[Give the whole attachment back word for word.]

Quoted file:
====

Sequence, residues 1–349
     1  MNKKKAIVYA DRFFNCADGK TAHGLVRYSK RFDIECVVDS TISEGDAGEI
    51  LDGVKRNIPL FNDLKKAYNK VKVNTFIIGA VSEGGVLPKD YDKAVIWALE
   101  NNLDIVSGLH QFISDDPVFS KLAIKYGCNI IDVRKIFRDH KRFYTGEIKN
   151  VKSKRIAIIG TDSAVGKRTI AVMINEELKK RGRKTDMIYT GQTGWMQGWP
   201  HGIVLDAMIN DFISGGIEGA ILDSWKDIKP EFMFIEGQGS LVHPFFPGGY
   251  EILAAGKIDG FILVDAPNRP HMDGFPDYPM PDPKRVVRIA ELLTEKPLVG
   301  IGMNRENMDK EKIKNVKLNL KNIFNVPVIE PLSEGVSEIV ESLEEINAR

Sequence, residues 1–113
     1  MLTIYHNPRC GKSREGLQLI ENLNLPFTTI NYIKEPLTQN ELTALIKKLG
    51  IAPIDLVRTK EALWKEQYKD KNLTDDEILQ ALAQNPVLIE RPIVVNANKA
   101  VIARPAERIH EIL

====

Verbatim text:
Sequence, residues 1–349
     1  MNKKKAIVYA DRFFNCADGK TAHGLVRYSK RFDIECVVDS TISEGDAGEI
    51  LDGVKRNIPL FNDLKKAYNK VKVNTFIIGA VSEGGVLPKD YDKAVIWALE
   101  NNLDIVSGLH QFISDDPVFS KLAIKYGCNI IDVRKIFRDH KRFYTGEIKN
   151  VKSKRIAIIG TDSAVGKRTI AVMINEELKK RGRKTDMIYT GQTGWMQGWP
   201  HGIVLDAMIN DFISGGIEGA ILDSWKDIKP EFMFIEGQGS LVHPFFPGGY
   251  EILAAGKIDG FILVDAPNRP HMDGFPDYPM PDPKRVVRIA ELLTEKPLVG
   301  IGMNRENMDK EKIKNVKLNL KNIFNVPVIE PLSEGVSEIV ESLEEINAR

Sequence, residues 1–113
     1  MLTIYHNPRC GKSREGLQLI ENLNLPFTTI NYIKEPLTQN ELTALIKKLG
    51  IAPIDLVRTK EALWKEQYKD KNLTDDEILQ ALAQNPVLIE RPIVVNANKA
   101  VIARPAERIH EIL